Listen, I make a lot of bread. We all know that. And I’m not shy about my love for carbs.
But these pretzel bites are hands down the most ethereal, glorious little morsels I have ever eaten. I’ve made the classic pretzel version a million times but they don’t hold a candle in chewy softness to these pretzel bites.
We ate these for dinner one night, dipped in this (heaven help me!) and with a little spinach and fruit smoothie on the side so I didn’t feel so guilty about the carb overload.
I ate more than my age in pretzel bites and that is about all I’ll admit. And needless to say, my kids looooved them. See below the recipe for a few step-by-step photos since I changed the recipe method a bit to accommodate the change from loopy pretzels to bites.
Note: if using active dry yeast, increase the yeast to 1 tablespoon. Proof the yeast in the warm water and sugar (let it bubble and foam – maybe about 5 minutes) before adding it to the flour and salt. I often use half to 3/4 finely ground white whole wheat flour with good results - and sometimes I get crazy and use 100% whole wheat flour (always finely ground white wheat) but the bread is a bit more dense with 100% whole wheat flour. If using part or all whole wheat flour, add a few minutes to the kneading time to help develop the gluten.
- 2 1/2 cups (10 1/2 ounces) all-purpose flour (see note)
- 1/2 teaspoon salt
- 1 teaspoon sugar
- 2 1/4 teaspoons instant yeast
- 1 cup (8 ounces) very warm water
- 1/2 cup (4 ounces) warm water
- 2 tablespoons baking soda
- Coarse salt (optional)
- 3 tablespoons butter, melted
- In a large bowl or the bowl of an electric mixer, place the flour, salt, sugar and yeast. Mix to just combine. Add the water and mix well, adding more flour, as needed, a bit at a time to form a soft, smooth dough that clears the sides and bottom of the bowl. Knead the dough, by hand or machine, for about 5 minutes, until it is soft, smooth and quite slack. The goal is to get a really soft dough that isn’t overly sticky. Lightly flour the dough and place it in a plastic bag; close the bag, leaving room for the dough to expand, and let it rest for 30 minutes or up to 60 minutes.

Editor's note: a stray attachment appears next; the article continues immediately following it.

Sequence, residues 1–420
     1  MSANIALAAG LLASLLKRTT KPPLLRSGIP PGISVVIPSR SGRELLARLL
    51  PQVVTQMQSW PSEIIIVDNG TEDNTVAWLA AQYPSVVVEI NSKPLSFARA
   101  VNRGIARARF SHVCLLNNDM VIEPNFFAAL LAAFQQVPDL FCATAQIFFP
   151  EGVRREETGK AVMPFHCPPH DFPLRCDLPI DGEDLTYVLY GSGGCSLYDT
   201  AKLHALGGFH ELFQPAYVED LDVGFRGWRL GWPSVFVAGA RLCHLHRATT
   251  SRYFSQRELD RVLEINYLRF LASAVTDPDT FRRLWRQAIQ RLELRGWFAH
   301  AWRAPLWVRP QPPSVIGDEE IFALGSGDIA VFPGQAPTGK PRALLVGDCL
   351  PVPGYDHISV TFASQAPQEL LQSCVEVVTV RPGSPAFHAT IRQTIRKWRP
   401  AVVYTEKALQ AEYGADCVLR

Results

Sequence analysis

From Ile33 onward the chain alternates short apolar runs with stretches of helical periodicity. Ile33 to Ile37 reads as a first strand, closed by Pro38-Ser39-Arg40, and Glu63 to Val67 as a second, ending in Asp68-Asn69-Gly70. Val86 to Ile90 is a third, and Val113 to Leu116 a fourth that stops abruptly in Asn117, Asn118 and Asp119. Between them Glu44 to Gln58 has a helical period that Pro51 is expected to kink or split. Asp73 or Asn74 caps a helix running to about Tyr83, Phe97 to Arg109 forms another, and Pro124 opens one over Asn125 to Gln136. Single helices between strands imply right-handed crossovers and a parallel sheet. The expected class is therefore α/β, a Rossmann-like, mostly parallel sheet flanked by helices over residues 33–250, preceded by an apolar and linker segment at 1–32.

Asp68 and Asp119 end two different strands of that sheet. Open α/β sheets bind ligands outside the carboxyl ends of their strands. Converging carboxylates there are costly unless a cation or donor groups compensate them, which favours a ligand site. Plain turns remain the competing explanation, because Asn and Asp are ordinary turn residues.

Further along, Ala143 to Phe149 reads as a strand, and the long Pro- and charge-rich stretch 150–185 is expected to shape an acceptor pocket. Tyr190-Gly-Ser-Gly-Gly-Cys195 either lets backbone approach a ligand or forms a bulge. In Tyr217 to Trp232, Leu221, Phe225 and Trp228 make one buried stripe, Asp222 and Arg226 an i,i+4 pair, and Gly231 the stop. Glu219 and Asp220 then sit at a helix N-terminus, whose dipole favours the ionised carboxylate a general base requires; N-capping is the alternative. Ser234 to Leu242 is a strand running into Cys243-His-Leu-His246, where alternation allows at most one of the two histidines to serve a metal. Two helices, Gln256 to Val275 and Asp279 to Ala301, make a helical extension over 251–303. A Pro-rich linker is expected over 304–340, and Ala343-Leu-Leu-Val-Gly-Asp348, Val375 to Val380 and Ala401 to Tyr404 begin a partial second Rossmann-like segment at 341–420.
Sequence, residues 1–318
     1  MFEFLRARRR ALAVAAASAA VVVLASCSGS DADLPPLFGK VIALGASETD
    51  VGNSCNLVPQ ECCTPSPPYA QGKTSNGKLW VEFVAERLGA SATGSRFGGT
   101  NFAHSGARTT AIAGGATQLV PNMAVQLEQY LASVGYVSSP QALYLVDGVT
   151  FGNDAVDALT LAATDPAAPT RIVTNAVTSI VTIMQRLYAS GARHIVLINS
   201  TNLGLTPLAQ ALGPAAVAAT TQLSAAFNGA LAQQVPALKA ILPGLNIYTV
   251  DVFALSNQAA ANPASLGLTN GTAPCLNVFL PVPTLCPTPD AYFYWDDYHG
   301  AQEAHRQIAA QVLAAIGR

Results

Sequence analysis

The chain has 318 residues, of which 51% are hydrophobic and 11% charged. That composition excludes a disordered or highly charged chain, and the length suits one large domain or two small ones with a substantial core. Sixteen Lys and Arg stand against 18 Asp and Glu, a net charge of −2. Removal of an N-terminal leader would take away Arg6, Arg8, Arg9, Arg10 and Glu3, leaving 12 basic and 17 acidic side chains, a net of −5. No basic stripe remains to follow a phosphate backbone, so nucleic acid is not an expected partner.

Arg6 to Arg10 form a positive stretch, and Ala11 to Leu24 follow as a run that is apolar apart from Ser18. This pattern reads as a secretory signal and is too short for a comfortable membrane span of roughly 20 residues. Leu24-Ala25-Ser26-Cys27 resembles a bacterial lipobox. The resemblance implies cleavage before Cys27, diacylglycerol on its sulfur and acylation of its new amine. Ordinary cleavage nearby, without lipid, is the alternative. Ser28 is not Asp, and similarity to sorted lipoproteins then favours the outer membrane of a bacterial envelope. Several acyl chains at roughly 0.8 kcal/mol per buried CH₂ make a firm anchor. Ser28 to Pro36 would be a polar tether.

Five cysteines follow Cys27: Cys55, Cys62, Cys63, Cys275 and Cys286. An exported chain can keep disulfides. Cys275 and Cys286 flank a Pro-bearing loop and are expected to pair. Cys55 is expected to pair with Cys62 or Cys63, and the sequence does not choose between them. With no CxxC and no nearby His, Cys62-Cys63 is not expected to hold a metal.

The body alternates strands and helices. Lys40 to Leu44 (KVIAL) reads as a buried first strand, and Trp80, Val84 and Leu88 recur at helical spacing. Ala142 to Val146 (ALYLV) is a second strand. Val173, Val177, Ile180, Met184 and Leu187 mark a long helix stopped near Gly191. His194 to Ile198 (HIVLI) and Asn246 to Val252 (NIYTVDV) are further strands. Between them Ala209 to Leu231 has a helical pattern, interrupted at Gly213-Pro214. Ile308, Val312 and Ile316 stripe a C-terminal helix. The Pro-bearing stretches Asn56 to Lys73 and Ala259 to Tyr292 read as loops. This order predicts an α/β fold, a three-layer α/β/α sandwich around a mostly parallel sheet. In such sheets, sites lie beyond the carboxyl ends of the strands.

- Preheat your oven to 500°F. Don’t be afraid of the high heat! This is what will help those pretzels to brown up perfectly and stay soft on the inside. Prepare two baking sheets by lining them with parchment paper or lightly greasing them (I’ve learned it helps to coat the parchment paper with cooking spray).
- Transfer the dough to a lightly greased work surface, and divide it into about four strips of equal length. Allow the pieces to rest, uncovered, for 5 minutes. While the dough is resting, combine the 1/2 cup warm water and the baking soda in a liquid measuring cup (deep enough to dip the pretzel bites into). Make sure the baking soda is thoroughly dissolved. Sometimes I have a hard time getting the baking soda completely dissolved, so I just lightly stir up the mixture right before adding each pretzel.
- Cut each strip of dough into about 6-8 pieces, about 1 to 1 ½ inches in width. You don’t have to be completely exact, just eyeball it. Dip each pretzel bite in the baking soda solution (this will give the pretzels a nice, golden-brown color), and place them on the baking sheets. Sprinkle them lightly with coarse, kosher, or pretzel salt. Allow them to rest, uncovered, for 10 minutes.
- Bake the pretzels for 7-8 minutes or until they’re golden brown. Bake one sheet at a time – it won’t hurt the other pretzels to chill out for a little longer.
- Remove the pretzels from the oven, and brush them thoroughly with the melted butter. Keep brushing the butter on until you’ve used it all up; it may seem like a lot, but that’s what gives these pretzels their ethereal taste. Eat the pretzels warm, or reheat them in an oven or microwave on low heat.
Recipe Source: adapted from this version
*Click on the collage below to see a larger view. A new browser window will open with the step-by-step pictures. Click on the image again in the new browser (your mouse should be a magnifying glass) to make it even larger.